Sunday, August 21, 2016

Shakespeare 2016

We just returned from the Cedar City Shakespeare-fest, which we’ve hit for the sixth year running, I think. How I love this little place, and the spectacular quality of its actors and their productions. This year we came with Grandma and Grandpa B, saw a new theater, and a rendition of Much Ado About Nothing that had me in tears I laughed so hard. We also saw King Henry V, with its iconic St. Crispin’s day speech, as well as the Three Musketeers (Keegan’s favorite – he knew the story by heart even before we came), and the incomparable Julius Caeser. Is there a play with more memorable lines? I think not. The evidence:

 Quotes from Julius Caesar

 “Beware the ides of March.”

 “Men at some time are masters of their fates: The fault, dear Brutus, is not in our stars, But in ourselves,”

 “It was Greek to me.”

 “He will never follow any thing That other men begin.”

 “Cowards die many times before their deaths; The valiant never taste of death but once.”

 “Et Tu, Brutus?”

 “I am constant as the northern star,”

 “Cry 'Havoc,' and let slip the dogs of war;”

 “If then that friend demand why Brutus rose against Caesar, this is my answer: --Not that I loved Caesar less, but that I loved Rome more.”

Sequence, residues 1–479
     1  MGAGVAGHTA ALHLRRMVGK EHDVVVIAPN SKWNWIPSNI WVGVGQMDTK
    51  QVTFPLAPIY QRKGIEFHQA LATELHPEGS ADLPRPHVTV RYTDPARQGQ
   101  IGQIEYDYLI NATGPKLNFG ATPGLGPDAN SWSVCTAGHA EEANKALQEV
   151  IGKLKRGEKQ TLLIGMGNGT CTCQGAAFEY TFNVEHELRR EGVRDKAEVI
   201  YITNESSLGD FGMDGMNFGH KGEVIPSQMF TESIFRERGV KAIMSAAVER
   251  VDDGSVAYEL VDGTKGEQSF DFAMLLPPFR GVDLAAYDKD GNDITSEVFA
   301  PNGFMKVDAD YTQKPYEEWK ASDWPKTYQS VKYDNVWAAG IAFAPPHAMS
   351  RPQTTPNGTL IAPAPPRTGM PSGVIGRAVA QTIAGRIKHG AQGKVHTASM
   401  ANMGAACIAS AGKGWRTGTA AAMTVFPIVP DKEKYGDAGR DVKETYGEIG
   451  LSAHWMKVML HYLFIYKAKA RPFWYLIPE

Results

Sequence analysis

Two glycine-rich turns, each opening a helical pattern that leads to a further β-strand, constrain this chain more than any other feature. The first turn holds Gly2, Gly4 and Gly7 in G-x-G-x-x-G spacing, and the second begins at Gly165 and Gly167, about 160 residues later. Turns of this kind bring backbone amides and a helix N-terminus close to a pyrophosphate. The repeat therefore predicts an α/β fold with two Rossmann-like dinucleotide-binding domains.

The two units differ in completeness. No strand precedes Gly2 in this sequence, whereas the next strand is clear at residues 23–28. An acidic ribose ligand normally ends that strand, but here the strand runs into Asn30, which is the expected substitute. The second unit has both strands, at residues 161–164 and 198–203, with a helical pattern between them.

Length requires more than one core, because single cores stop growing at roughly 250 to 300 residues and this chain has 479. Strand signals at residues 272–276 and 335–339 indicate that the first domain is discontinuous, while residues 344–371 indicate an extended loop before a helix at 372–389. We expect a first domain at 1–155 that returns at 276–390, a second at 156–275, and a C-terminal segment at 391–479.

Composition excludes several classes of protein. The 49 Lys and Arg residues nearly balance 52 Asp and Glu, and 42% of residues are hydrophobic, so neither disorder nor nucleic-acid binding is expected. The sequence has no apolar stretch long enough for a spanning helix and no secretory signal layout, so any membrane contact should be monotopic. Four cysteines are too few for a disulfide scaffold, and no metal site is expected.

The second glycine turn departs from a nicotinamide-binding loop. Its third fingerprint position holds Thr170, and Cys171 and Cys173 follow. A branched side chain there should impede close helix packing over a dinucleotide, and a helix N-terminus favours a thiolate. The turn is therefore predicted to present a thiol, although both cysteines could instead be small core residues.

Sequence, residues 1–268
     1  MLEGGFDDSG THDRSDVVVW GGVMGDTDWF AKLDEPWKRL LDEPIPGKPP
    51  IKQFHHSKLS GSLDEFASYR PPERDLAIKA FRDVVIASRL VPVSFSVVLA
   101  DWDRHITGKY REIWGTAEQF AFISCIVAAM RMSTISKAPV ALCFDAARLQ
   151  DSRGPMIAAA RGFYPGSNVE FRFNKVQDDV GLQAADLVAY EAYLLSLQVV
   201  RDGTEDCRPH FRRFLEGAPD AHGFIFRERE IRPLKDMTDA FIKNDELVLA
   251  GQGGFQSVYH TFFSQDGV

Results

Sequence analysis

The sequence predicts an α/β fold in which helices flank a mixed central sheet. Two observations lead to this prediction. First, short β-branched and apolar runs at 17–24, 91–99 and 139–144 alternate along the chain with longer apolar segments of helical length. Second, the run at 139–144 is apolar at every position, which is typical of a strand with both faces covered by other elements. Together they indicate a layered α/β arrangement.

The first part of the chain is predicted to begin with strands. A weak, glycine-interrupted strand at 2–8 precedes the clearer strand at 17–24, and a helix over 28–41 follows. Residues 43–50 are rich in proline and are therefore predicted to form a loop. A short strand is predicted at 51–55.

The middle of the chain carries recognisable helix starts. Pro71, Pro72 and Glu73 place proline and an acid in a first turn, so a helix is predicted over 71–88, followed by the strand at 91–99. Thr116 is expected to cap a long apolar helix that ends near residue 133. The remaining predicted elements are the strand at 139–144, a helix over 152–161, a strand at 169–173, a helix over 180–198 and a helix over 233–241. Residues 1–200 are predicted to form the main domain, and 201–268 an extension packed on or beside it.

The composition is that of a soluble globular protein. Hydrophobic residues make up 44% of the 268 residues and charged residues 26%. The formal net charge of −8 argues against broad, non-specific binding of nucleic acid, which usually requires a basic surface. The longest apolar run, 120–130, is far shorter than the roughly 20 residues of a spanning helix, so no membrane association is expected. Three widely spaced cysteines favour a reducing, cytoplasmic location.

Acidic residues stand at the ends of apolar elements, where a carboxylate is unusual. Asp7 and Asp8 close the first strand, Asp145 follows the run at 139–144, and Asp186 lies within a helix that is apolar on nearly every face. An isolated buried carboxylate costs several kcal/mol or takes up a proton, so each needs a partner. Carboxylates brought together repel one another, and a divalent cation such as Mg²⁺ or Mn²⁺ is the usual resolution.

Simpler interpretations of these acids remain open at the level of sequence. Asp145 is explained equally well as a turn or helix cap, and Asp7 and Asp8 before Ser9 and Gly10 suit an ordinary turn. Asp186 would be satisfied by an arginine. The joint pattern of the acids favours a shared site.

“Friends, Romans, countrymen, lend me your ears; I come to bury Caesar, not to praise him.”

 “The evil that men do lives after them; The good is oft interred with their bones;”

 “When that the poor have cried, Caesar hath wept: Ambition should be made of sterner stuff:”

 “O judgment! thou art fled to brutish beasts, And men have lost their reason.”

 “If you have tears, prepare to shed them now.”

 “This was the most unkindest cut of all; For when the noble Caesar saw him stab, Ingratitude, more strong than traitors' arms, Quite vanquish'd him: then burst his mighty heart;”

 “Even so great men great losses should endure.”

 “There is a tide in the affairs of men, Which, taken at the flood, leads on to fortune; Omitted, all the voyage of their life Is bound in shallows and in miseries. On such a full sea are we now afloat; And we must take the current when it serves, Or lose our ventures.”

 I think I can rest my case there. What a work of art it is.

 Not to mention that Brutus quandary over the fate of republican Rome amidst crowds that don’t appreciate their freedoms, and want a strong man king, feels quite timely. Shakespeare captured the eternal issues of man like no one I know. What a great thing to be alive 400 years later and still hear and see his work, as it was meant to be seen. We live in such a great place.